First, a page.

Some members advocate more govt intervention vis-a-vis GMOs, but there are many others who advocate free market solutions in that area and others. Overall, I’ve found the movement to be very friendly to conservative and libertarian ideals and look forward to watching how it influences otherwise liberal people to questioning their assumptions.

      I find that when that great big fuzzy old benevolent government enters one’s own world, suddenly it looks mighty different, and I like to use this particular issue with my liberal, foodie friends.  Indeed food politics are about the only thing we can talk about without my having a stroke, although come to think of it the Gibson guitar raid and the confiscation of old instruments at the border are on the list, too.

    • #19
  20. jmelvin Member
    jmelvin
    @jmelvin

    Interesting post there John.  Although my wife and I aren’t typically the “crunchy” type people who seek out raw milk and similar, we have friends that are and have thus been exposed to these issues via them.  As a result of these friends I have been able to see the government intrusion into things I would not have been aware of otherwise, and in some cases have helped them to avoid it and get the products they desired, legally.  I can certainly make common cause with them in the plight to either get government out of places it shouldn’t be or to craft legislation that considers the right of people to take their own justified risks.

    • #20
  21. Lee Inactive
    Lee
    @Lee

    Sandy:

    I find that when that great big fuzzy old benevolent government enters one’s own world, suddenly it looks mighty different, and I like to use this particular issue with my liberal, foodie friends. Indeed food politics are about the only thing we can talk about without my having a stroke, although come to think of it the Gibson guitar raid and the confiscation of old instruments at the border are on the list, too.

    I’m happy to find common ground with liberals whenever possible (you never know when something will click with them) and this is a very fruitful topic.

    • #21
  22. S Inactive
    S
    @S

    Jon,

    You were 30 minutes from my house! I’ve spent many a paycheck at Joel Salatin’s retail store, but as he encourages, I have started buying more stuff even closer to my home (in Lexington, VA) at our local farmer’s market. I agree this is an area where the GOP could make inroads, but we are the party of Chuck Grassley and big agriculture! My wife and I would have gladly hosted you in our home – an offer I’ve extended to Dave Carter, too, since we are so close to the interstate.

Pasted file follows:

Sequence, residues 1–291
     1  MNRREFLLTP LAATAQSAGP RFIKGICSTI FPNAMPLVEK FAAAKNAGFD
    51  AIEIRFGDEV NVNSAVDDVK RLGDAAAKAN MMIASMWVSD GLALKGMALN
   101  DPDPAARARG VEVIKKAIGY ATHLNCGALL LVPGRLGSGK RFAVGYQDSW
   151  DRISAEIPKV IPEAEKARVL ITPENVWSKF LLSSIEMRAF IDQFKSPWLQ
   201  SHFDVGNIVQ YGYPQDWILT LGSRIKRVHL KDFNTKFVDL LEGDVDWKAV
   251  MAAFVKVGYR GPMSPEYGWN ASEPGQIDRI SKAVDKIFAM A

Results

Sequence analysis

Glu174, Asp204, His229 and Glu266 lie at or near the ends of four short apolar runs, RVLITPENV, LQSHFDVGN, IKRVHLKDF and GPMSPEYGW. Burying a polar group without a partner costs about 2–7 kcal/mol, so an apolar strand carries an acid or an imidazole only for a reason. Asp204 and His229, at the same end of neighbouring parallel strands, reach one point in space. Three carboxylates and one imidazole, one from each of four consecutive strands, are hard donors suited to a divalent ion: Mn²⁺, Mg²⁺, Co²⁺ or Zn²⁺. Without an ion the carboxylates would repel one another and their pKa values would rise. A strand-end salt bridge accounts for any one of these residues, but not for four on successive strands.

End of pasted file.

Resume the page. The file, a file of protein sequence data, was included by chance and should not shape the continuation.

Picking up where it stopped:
• #22
  23. Jon Gabriel, Ed. Admin
    Jon Gabriel, Ed.
    @jon

    S: You were 30 minutes from my house! I’ve spent many a paycheck at Joel Salatin’s retail store, but as he encourages, I have started buying more stuff even closer to my home (in Lexington, VA) at our local farmer’s market. I agree this is an area where the GOP could make inroads, but we are the party of Chuck Grassley and big agriculture! My wife and I would have gladly hosted you in our home – an offer I’ve extended to Dave Carter, too, since we are so close to the interstate.

    A missed connection! I had never visited that area of the state, but after this trip I’m eager to get back. If I can lure the missus back east I’ll let you know.

    • #23
  24. Caryn Thatcher
    Caryn
    @Caryn

    Sandy:

    Caryn:This is such an obnoxiously first world luddite issue. We have succeeded in lifting the burden of infectious disease from our populations thanks to vaccines, antibiotics, and, yes, pasteurization. From that position of safety, comes the childish whine: “I want my raw milk! I think it tastes better. Don’t tell me what to do. Wah, wah, wah.” And when you’re sick? Blame the docs (and drug companies) for not making you “all better.”

    See here, too.

    I’ve read some of the arguments pro and con and I haven’t seen anything about taste, which is not to say that taste isn’t an issue for someone. The primary arguments are about health.

    The health arguments have been debunked.  My “here” link was to a long list of scientific journal articles, in context.  Here it is again.: http://www.fda.gov/Food/FoodborneIllnessContaminants/BuyStoreServeSafeFood/ucm247991.htm  And, yes, it’s from the “evil governmental overlord,” the FDA.

    The raw milk thing is very much like the organic movement and anti vaccine movement and anti GMO movement, all from a very comfortable perch in the first world which has largely been cured of many of the ills that go with the “red in tooth and claw” of nature.   “Natural” is not inherently safer and it’s questionable whether it’s even tastier.

    • #24
  25. jmelvin Member
    jmelvin
    @jmelvin

    Jon Gabriel, Ed.: